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wilson bridges, and 8 dc convention centers...all in one year. and not a penny of it comes from taxpayers. freight railroads plan to spendd $23 billion on their network. that's like launching 4 mars rovers, 10 gps satellites, and 20 space shuttles ...all in one year. and not a penny of it comes from taxpayers. >>> if you want to know what jamie dimon thinks, just ask. the outspoken chairman of jpmorgan chase is an important voice for the financial industry and not short of opinions. i oke to him about politics, policy and regulation this week. >> the foundation of business is pretty strong. companies are in good shape, a lot of cash. middle market companies, small business. if you look at the numbers, housing looks like it is turning, household formation is going up. business itself looks pretty good and i think the american economy -- to me the most important thing is we solve the short-run fiscal cliff and the long rloun issues and if we do that the economy can boom. hope that proem works on that and i think he has been working on that. >> what are the implications of going over the fis
's returned to the woodrow wilson center, and he's currently focusing on a book of changes underway in the arab world. he has dedication to getting the story firsthand, and we look forward to benefiting from his wise perspective. dr. ottaway, thank you. >> thank you and good afternoon. i was given a list of questions that i might address and asked to talk about tunisia, and the list -- i think john drew it up -- was far too long for a seven minute talk, so i chose two questions i wanted to address. the first one is, is constitutional reform from the bottom up through coalition politics as is happening in several arab republics likely to be more successful and enduring than reform from the top, vastly preferred by the arab monarchies? and the second question related, to what extent do these reforms serve as a possible model for the monarchies and particularly the gulf arab monarchies? now, in thinking about this issue what first struck me is that the, what's happening in the three monarchies, i mean, the three republics i want to talk about today, tunisia, egypt and libya, how differ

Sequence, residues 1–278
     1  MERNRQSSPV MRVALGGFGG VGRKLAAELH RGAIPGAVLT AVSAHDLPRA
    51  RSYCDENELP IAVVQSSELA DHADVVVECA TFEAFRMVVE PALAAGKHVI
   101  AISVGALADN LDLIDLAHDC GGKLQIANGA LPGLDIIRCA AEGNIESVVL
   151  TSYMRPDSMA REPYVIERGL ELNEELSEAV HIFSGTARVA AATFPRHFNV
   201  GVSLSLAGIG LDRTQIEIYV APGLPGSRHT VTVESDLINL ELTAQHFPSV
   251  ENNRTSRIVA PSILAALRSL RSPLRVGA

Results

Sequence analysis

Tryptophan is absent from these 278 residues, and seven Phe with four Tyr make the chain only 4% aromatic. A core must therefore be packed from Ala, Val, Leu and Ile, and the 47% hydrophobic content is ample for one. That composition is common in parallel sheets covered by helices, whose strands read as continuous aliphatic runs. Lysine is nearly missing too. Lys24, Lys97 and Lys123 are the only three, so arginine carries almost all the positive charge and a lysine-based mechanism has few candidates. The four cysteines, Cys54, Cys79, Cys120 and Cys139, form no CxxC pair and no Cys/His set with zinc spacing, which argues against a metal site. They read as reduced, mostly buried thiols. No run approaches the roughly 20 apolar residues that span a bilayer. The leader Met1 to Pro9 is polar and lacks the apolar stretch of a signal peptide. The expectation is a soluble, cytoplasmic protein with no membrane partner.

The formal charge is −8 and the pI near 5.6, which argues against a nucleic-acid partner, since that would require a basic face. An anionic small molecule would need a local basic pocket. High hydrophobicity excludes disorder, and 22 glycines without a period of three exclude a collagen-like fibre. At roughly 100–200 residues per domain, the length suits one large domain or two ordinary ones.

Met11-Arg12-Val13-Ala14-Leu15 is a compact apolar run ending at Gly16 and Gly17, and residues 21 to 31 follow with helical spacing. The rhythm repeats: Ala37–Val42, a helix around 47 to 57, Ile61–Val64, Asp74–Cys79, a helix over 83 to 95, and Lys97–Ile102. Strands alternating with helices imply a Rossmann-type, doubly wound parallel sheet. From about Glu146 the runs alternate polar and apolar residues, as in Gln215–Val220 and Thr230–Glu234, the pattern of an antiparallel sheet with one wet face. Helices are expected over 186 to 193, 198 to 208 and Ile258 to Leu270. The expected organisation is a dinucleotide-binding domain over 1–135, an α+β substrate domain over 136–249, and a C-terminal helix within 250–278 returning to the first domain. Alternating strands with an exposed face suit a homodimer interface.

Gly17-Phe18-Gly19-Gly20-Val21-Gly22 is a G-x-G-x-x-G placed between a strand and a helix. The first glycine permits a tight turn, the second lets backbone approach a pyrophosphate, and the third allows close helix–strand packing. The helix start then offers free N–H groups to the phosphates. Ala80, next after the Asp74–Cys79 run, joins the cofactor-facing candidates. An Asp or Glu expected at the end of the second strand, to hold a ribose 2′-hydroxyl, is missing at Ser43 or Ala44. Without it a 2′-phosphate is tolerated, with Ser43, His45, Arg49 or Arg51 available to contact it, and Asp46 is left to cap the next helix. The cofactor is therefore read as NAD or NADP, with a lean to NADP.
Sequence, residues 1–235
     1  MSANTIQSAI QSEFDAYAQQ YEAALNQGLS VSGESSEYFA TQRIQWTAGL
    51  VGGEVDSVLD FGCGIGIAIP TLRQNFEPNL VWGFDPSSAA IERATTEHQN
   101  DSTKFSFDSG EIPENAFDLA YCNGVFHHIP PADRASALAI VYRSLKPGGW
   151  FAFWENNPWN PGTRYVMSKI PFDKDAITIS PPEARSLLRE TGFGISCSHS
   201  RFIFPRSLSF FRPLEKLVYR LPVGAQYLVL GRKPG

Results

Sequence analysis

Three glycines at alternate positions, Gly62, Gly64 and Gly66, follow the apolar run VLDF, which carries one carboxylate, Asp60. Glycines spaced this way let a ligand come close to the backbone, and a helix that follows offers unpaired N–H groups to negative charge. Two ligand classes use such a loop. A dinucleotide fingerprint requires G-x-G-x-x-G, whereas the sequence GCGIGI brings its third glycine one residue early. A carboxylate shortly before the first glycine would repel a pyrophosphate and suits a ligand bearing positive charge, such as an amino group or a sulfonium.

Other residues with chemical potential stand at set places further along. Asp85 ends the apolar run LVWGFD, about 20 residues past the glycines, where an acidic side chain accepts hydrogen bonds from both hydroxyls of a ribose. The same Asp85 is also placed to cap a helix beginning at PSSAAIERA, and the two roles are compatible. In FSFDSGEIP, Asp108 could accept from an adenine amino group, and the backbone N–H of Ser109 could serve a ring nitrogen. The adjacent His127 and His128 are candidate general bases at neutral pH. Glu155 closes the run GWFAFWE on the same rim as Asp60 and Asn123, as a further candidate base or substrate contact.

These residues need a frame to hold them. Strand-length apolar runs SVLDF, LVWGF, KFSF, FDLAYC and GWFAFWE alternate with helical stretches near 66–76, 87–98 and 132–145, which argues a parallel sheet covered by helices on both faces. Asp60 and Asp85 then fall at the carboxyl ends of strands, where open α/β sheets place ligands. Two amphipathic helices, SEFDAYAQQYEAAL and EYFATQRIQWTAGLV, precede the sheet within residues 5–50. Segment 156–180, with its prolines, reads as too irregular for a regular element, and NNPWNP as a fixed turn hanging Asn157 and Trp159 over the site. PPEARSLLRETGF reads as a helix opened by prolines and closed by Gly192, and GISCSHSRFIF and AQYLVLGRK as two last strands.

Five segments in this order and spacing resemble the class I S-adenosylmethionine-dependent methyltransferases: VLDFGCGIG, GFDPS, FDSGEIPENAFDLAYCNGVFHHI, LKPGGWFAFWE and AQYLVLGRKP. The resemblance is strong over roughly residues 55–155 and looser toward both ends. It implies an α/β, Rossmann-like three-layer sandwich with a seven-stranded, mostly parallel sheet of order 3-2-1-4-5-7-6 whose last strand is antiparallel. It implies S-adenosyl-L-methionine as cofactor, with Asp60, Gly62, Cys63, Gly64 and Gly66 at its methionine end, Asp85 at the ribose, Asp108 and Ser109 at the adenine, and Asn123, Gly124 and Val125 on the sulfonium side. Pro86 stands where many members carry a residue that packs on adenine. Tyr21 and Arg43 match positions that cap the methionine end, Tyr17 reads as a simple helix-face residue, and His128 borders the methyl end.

Search Results 0 to 49 of about 92 (some duplicates have been removed)